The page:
As he assesses the electoral landscape, in which Democratic candidates will be pummeled with hundreds of millions of dollars in attack ads from super PACs, Guy Cecil, the man in charge of maintaining a Democratic majority in the Senate, takes solace in a 1970s-era elections law.
Since the passage of the Federal Election Campaign Act of 1971, candidates for office have been allowed to pay the lowest unit rate available for television and radio airtime in the 60 days prior to a general election. The discount doesn't apply to outside groups.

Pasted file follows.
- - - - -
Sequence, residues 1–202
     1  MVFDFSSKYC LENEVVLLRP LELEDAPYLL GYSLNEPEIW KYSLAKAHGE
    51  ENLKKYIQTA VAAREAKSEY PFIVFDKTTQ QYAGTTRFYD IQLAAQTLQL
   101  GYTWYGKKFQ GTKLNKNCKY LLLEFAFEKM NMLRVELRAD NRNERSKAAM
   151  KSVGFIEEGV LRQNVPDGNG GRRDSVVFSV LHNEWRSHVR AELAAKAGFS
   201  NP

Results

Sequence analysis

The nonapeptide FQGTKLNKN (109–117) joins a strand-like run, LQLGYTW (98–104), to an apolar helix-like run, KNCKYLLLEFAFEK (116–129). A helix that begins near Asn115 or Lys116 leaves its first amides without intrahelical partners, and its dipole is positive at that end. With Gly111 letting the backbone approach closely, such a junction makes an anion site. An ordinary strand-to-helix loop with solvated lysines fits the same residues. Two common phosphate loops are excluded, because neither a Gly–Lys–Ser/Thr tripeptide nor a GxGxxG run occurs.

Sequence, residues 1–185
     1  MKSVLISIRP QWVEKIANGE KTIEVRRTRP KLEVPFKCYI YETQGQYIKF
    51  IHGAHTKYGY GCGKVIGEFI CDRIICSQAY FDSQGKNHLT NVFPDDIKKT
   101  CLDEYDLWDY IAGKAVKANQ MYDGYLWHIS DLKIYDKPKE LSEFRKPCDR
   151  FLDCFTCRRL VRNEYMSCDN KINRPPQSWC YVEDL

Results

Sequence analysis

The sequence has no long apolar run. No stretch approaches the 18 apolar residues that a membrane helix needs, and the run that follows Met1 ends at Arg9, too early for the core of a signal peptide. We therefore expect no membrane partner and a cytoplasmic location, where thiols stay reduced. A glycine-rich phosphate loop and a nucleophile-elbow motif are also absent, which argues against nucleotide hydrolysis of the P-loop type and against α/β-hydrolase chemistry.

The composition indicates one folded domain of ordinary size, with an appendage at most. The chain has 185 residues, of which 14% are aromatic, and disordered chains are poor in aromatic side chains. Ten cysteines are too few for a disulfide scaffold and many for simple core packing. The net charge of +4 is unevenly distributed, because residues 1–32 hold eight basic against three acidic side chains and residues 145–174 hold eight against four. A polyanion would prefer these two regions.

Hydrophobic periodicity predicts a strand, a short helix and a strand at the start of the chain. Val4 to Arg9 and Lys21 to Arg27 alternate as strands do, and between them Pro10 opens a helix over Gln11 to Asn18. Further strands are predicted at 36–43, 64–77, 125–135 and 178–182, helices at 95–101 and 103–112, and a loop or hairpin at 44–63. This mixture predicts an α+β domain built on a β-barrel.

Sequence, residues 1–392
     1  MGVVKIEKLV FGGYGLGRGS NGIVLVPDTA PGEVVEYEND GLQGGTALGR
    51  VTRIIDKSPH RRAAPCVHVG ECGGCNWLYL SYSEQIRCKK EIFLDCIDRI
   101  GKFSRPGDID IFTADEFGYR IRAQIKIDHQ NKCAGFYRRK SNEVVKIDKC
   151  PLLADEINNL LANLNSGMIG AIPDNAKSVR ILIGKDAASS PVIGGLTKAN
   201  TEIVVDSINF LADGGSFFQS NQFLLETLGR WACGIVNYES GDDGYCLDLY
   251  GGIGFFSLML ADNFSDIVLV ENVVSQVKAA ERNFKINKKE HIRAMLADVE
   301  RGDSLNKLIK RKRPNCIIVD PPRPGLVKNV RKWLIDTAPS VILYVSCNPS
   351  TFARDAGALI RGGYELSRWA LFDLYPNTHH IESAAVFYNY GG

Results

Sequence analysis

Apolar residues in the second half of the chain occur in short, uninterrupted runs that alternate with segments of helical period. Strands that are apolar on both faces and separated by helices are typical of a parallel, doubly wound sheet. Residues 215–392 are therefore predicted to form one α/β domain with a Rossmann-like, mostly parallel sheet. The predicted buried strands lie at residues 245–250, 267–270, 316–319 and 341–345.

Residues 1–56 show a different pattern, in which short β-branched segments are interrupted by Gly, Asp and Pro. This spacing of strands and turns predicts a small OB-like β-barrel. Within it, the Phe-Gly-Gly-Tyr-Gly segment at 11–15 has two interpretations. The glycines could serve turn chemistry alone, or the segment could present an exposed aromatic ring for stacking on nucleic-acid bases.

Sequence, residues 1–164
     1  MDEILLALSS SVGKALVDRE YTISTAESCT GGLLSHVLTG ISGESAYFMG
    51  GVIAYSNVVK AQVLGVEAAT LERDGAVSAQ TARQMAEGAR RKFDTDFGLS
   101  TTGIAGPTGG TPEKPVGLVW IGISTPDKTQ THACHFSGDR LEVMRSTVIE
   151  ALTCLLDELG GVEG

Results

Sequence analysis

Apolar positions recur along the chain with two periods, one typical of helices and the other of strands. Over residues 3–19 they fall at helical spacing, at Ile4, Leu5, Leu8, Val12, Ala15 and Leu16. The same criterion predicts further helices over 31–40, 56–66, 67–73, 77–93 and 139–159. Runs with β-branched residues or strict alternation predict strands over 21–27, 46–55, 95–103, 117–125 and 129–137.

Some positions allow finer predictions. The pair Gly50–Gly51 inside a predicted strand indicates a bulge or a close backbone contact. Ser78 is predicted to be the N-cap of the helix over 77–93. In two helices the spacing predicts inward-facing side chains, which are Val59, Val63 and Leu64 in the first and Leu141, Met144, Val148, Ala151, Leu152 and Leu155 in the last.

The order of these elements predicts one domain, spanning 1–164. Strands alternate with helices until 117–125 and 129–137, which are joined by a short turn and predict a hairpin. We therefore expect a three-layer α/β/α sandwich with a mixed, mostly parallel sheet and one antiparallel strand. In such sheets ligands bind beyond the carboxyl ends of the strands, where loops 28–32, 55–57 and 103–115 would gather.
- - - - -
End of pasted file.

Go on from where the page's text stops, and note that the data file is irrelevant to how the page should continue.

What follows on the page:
During a normal cycle, this provides only a marginal advantage to any particular campaign. But now that political advertisements are increasingly being outsourced to outside groups with the advent of super PACs, the law could prove far more significant. Eddie Vale, a spokesman for the AFL-CIO's super PAC Workers' Voice, said it played a role, albeit a small one, in convincing his group to devote money to on-the-ground operations rather than television ad campaigns. And for the Democratic Senatorial Campaign Committee, there has been a change in strategic mindset.